As home gardeners, a garden journal can be a valuable tool. Keeping one will help you learn from your successes and failures by keeping track of those details before they’re forgotten. A journal can be as simple as a spiral bound notebook or as elaborate as a leather-bound volume. Maybe you’d prefer to computerize your notes; it’s all up to you. For some people, a few brief written comments may suffice. If a photograph would help, take some pictures. Making diagrams and/or sketches of planted areas may also prove quite useful in trying to recall what is planted where. Rough out a crude drawing of the areas you’re working so hard to improve. Such visual reminders will help you remember where you’ve planted those hosts, for example, and where those daylilies sprout.
Before you begin put the garden to bed, take stock of this year’s growing season. How does the yard look? Are your plantings creating the appearance you desire? Be as critical as you please when you survey your domain. Did the shade garden area really work out well? How are the annuals and color spots looking—did the plants thrive or were they too weak to fully thrive? Have trees and other large plants grown so much that formerly sunny areas are now too shady? Will pruning help, or is shifting things around a better option?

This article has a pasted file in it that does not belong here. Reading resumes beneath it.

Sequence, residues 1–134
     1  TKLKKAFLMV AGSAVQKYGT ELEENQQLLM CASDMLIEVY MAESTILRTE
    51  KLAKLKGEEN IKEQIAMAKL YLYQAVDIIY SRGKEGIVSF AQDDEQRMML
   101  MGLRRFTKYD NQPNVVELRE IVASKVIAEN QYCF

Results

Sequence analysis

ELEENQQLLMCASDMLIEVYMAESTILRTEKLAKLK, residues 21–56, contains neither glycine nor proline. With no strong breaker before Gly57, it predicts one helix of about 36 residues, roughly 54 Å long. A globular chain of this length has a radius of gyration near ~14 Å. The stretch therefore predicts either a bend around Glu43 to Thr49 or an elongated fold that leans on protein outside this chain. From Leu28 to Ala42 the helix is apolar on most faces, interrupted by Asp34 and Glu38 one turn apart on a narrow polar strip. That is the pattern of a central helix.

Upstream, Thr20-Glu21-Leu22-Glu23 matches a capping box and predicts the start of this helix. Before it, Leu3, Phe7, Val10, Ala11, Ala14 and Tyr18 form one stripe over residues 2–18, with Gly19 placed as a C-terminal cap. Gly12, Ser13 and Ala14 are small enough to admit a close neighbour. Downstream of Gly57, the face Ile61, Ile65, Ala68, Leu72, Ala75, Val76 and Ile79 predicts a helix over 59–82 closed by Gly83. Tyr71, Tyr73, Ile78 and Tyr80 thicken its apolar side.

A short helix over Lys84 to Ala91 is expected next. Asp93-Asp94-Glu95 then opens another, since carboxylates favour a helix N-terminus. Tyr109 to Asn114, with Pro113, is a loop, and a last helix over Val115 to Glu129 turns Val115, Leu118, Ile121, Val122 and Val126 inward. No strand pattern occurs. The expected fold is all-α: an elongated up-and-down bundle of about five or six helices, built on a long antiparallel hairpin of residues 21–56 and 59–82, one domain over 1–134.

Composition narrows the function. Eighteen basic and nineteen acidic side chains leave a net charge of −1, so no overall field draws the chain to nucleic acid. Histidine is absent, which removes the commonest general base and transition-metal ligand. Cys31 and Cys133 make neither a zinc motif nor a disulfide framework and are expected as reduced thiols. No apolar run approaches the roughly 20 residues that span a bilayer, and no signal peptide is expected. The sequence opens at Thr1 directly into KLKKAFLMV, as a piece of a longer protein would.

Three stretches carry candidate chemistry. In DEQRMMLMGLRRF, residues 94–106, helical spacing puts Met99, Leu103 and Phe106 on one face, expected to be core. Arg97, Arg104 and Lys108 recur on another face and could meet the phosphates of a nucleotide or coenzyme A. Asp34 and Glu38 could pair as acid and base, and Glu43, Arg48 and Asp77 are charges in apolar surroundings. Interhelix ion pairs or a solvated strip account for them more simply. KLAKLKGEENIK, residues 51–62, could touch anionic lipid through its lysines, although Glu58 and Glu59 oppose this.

We learn as much from our failures as we do from successes. Did you start your plants from seeds indoors? How well did they grow? Would it be better to set them out earlier—or later—next year? Write down those details now, before you forget them. If a particular plant or even an entire flower bed turned out to be spectacular in its blooming glory, record the details in your journal. Conversely, if one spot proved to be too shady for certain sun-loving plants, mark out a different location for them next year.
Then, during the cold, dreary winter months, you can plan next summer’s layout. Asking yourself questions like these, and writing down your thoughts, conclusions and fresh possibilities will help you when next year’s gardening season arrives. Be as grandiose or conservative as you please in your sketches, assessments and plans. Over time, keeping a garden journal will bring you more pleasure and success as your garden takes shape.
— By Mary C. Moss, Master Gardener, Wayne County